A Cambridge chiropractor lost his license for defying an order by the Minnesota Board of Chiropractic Medicine to cease direct patient care, according to a board order in April.
David J. Schornstein, owner of North Metro Chiropractic Clinic, was given a stayed suspension in August 2011 for misusing prescription painkillers. He was allowed to run his business but not provide direct care, the suspension order stated.
But according to the order, Schornstein provided care on 13 occasions, billed an insurance company using a false name and billed for services he hadn’t provided, including about 57 massage sessions.
While Schornstein agreed to the license revocation, he denied providing the care or billing the insurance company using a false name, the order said.
More from Star Tribune
More from Whistleblower
The Whistleblower column and blog are shutting down, but our commitment remains to investigating tips from readers.
A Baltimore couple and their company were ordered to pay back $616,000 to Spanish-speaking immigrants for immigration services that they were neither qualified nor authorized to provide, the Federal Trade Commission announced last week.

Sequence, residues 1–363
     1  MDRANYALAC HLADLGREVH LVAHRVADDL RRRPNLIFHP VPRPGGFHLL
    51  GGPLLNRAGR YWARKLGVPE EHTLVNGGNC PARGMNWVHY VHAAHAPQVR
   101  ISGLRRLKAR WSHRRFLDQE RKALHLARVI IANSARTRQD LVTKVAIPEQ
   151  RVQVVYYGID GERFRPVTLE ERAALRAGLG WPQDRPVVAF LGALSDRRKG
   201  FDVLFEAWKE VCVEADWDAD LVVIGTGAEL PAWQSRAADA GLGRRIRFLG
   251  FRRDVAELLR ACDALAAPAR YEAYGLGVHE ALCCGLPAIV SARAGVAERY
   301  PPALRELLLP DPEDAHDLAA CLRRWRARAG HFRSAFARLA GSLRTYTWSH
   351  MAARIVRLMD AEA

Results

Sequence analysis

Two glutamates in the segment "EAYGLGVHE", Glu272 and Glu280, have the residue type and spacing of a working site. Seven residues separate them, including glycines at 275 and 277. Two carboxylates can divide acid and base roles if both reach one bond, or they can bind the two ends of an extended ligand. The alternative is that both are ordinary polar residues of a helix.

A company that labeled millions of Facebook users as a "jerk" or "not a jerk" is facing federal scrutiny after the agency said it improperly obtained information to create user profiles.
CenterPoint agreed last week to pay at least $192,500 to settle a lawsuit filed by the City of Minneapolis and various insurance companies after a gas explosion near a south Minneapolis Cub Foods in 2011.
A company accused of "mortgage scams" spent at least $2 million for a direct-mail campaign aimed at Minnesota veterans, according to the Minnesota Department of Commerce.
Recommended For You
The Twins lost 4-3 to Seattle on Sunday to fall to 56-100 on the season, just the second time in club history they have lost 100 games
Down 10-0 in the first quarter, the Vikings woke up in the second half thanks to a Marcus Sherels punt return for a score and finished with eight sacks on Cam Newton.
Dr. Penny Wheeler has built a sterling reputation as a collaborator and innovator. Now nurses say they feel betrayed.
It takes a certain sort of magic for a presidential debate to shift a race, it seems, some weird alchemy combining ingredients like viewership and mistakes and perceptions and medium. It's almost never about policy.
Some recall a lost virtue of political civility. Others on how an unlikely friendship blossomed.